The Court further ruled that if abused, the power of inquiry is subject to judicial review. The Court then drops a bomb at the conclusion of the discussion:

"Even where the inquiry is in aid of legislation, there are still recognized exemptions to the power of inquiry, which exemptions fall under the rubric of 'executive privilege.'"

The Court proceeded to define the nature of executive privilege after acknowledging that the concept originated from the Americans. The Court said,

“Schwartz defines executive privilege as “the power of the Government to withhold information from the public, the courts, and the Congress.” Similarly, Rozell defines it as “the right of the President and high-level executive branch officers to withhold information from Congress, the courts, and ultimately the public.”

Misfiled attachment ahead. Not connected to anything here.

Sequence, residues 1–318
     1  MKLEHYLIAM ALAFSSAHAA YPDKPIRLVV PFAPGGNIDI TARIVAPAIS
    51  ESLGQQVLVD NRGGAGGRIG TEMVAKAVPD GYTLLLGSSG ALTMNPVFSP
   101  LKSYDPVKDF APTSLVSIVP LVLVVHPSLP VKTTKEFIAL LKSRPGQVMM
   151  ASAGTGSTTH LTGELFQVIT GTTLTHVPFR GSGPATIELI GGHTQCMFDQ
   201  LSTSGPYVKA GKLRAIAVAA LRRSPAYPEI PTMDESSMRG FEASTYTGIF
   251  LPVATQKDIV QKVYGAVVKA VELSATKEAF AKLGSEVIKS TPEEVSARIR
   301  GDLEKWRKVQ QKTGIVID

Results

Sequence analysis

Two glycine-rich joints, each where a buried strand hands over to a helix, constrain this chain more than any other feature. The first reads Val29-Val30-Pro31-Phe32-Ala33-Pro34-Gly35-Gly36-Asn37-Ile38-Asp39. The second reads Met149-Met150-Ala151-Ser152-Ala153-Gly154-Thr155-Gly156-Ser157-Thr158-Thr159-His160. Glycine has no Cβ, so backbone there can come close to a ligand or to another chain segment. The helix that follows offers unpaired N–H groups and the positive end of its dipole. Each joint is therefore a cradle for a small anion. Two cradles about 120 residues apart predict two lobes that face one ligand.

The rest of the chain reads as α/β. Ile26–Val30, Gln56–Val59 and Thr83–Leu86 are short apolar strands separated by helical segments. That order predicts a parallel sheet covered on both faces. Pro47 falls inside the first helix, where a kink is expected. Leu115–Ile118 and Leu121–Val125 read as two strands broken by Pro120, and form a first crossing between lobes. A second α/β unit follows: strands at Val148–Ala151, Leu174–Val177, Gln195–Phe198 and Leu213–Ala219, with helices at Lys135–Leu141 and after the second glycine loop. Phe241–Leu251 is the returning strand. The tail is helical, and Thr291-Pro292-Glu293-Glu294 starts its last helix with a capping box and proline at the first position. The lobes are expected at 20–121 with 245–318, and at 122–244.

The Court then ruled that there may be three possible types of the privilege. One variety of the privilege is the state secrets privilege invoked by U.S. Presidents, beginning with Washington, on the ground that the information is of such nature that its disclosure would subvert crucial military or diplomatic objectives. Another variety is the informer’s privilege, or the privilege of the Government not to disclose the identity of persons who furnish information of violations of law to officers charged with the enforcement of that law. Finally, a generic privilege for internal deliberations has been said to attach to intragovernmental documents reflecting advisory opinions, recommendations and deliberations comprising part of a process by which governmental decisions and policies are formulated.